the context of Candelabra of Tawnos.

How high can this card go?

The answer to this question was the deciding factor for me. The only comparable card to Candelabra in Antiquities is Mishra’s Workshop. They’re both
the same rarity and have never been reprinted. Workshop is the cornerstone of a key archetype in Vintage. Legacy is more popular than Vintage, and
Candelabra goes in two Legacy decks; one deck is the more established High Tide deck, and the other deck is the 12-Post Eldrazi deck that is still in development but has been
putting up good results on Magic Online. If the demand for Candelabra of Tawnos exceeds the demand for Mishra’s Workshop, then it’s reasonable to think
that Candelabra can reach Workshop prices. Which can range between $250-350 each. We already saw Candelabra hit

$200 on eBay


How long will it keep its price?

We don’t know. It will be based on how well Candelabra decks perform in the SCG Opens and in Providence at the GP. I know that for now (pre-Memphis
results), the price is going to hoover between $150 and $200. This is partially due to a concept that I call “Price Memory.”

Price Memory

I have a theory about cards and their prices. Each card has a “memory” of what its price has been, and this can affect the price negatively and
positively. Good examples of this are overhyped planeswalkers; even after they start selling for less, the general public still has a certain price
burned into their mind. It takes time for the true price to disseminate and for the “Price Memory” to be “reset.” Oftentimes, if you propose a trade
based on this “Price Memory” without talking numbers, typically your trade partner will take it. This is also true for cards like Ranger of Eos, which
has been a $3 card for so long that if it ever goes up again, then you can still pick them up for $3 until the memory is reset.

Because traumatic pricing events forge these memories, I can expect Candelabra to have a “Price Memory” of at least $200 for the foreseeable future. If
a Candelabra deck doesn’t win in Memphis, that’s not going to prompt all the people who just dropped $200 a piece on these to ship ’em. This fact makes
it a safer investment because the people who have the Candelabra are going to try to “force” $200 plus and preserve the “Price Memory” to protect their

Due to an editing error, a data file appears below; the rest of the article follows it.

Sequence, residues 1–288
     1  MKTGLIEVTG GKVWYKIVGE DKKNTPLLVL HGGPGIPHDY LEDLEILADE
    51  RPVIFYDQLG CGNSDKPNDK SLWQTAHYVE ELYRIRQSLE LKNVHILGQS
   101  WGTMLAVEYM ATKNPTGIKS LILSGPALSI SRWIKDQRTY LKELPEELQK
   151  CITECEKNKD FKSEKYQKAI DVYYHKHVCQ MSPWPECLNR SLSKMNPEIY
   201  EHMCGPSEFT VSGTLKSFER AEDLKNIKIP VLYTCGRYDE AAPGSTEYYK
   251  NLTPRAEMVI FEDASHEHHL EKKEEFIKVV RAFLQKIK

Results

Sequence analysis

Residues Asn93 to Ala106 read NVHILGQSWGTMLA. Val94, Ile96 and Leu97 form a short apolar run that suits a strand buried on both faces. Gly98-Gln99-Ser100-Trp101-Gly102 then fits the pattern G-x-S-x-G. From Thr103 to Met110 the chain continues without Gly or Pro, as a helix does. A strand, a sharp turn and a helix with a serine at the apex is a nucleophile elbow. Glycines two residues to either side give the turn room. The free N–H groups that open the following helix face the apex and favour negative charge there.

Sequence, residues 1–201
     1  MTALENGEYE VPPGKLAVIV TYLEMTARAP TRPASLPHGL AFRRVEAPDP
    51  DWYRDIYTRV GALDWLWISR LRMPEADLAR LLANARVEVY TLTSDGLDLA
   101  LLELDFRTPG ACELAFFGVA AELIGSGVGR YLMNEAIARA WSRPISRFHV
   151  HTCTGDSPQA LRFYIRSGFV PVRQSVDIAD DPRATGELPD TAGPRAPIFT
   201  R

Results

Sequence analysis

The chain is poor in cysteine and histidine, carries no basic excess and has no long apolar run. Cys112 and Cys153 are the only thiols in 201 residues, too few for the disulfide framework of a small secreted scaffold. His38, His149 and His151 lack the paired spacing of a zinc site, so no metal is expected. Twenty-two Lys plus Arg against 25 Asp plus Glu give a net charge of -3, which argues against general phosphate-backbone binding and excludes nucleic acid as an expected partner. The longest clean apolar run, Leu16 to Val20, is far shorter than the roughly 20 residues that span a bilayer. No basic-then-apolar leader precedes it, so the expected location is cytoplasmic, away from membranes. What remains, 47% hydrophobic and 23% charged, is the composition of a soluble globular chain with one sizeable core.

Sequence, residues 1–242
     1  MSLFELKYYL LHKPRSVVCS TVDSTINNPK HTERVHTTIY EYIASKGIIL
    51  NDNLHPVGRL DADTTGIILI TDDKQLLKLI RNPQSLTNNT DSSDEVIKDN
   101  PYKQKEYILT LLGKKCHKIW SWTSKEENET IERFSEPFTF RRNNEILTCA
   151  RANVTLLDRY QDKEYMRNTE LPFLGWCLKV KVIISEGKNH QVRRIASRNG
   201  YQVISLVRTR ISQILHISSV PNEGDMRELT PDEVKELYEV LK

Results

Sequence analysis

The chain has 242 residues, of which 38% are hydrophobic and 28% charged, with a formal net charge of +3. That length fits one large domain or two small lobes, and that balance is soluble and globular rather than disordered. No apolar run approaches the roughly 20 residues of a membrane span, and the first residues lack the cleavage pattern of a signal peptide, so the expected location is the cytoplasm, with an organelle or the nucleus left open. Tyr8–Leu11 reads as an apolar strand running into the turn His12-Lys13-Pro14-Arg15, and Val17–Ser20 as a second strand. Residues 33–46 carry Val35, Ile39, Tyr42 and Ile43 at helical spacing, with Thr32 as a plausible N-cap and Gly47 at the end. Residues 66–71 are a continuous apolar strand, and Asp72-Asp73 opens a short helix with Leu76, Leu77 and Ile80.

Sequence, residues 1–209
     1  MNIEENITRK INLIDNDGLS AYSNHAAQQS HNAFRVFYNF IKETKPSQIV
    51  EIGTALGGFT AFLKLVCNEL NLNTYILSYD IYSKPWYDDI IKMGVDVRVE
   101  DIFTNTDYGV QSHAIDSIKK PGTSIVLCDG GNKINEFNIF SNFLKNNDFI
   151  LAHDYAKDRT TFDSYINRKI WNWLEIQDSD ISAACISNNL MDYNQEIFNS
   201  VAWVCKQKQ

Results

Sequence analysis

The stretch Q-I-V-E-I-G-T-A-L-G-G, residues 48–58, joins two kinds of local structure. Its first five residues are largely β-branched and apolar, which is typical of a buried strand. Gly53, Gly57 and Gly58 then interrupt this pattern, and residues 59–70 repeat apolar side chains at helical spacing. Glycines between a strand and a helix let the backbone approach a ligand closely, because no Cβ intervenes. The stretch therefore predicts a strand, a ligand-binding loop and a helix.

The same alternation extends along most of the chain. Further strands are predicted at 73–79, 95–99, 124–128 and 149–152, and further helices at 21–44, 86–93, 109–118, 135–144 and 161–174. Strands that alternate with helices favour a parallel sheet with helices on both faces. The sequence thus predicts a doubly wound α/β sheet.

What’s the level of demand?

The level of demand is still small. People are waiting to see if these types of decks dominate the metagame. If they do, then the demand will start to
rise quickly, and its price will trump the price of Mishra’s Workshop. Because the level of demand is small, this makes the investment risky; if the
feces hits the oscillating device, it’s going to be hard to move the Candelabra quickly.

What’s the exit strategy?

It’s very important to define this before you start picking up a bunch of cards. You need to know what you’re going to do if you have to get out. My
exit strategy for Candelabra is to sell the extra ones at $150 once I see the price start to fall. This means that I have to make sure to only pay $150
each on average. I don’t mind paying $175 for one if I can get one for $125 as well.

At the end of the frenzy, I ended up with a little over two playsets of Candelabra of Tawnos. They cost me anywhere from $100 to $200 each. I’ll be
keeping an eye on things and keep you up to date on where this is trending. I’m hoping for an upward trend, but as I said above, no one knows where it
will go. I’m happy to have my playset, and I have a solid exit strategy, so I’m comfortable in my position. If you’re still wondering about buying
Candelabra, here are my recommendations for you.

If you need a Candlestick to play with (get your mind out of the gutter), then $150 is a fine price; to pay anything above $150 is taking a risk, and
you could lose money. If you want to invest in Candlesticks, then you’ll need to jump in a DeLorean and do some time traveling or find some that you
can pick up for $125 or less. This is going to be tough, since SCG is buying them for $150. For those of you who are ballin’ on a budget, let me give
you a few good pick-ups that don’t cost $100 plus dollars.

Stock Tips

Koth of the Hammer
A non-Jace deck won in Edison last weekend, and it had a
four-pack of Koth maindeck. It’s true that this deck can be the victim of some of the nastiest color-hosing in the game. I’m looking at you, Kor
Firewalker, but it’s still a reasonable choice for competition. People want to play decks without Jace because Jace is expensive. I know a lot of
Standard players who are shipping their Jaces now, before they get hit with rotation tax.

— This is a hard-to-find Tempest rare. Since the success of the Time Spiral deck, the card is seeing a small bump. Watching Alix Hatfield cast this at
his opponent’s end step to bury him in card advantage makes me wonder if this could be a reasonable card to play in other blue decks in the format.
Either way, I don’t think you can go wrong with picking these up at their current $3-4 price tag.

Show and Tell
— This has been combined with Doomsday strategies and Natural Order strategies. It’s really proven itself as viable in the Legacy metagame, and I
expect to see more Show and Tell decks in the near future. Once one of these decks wins a tournament or two, the card is going to see a nice price

That’s all I have for this week. Thanks for reading!

Jonathan Medina

Twitter: mtgmetagame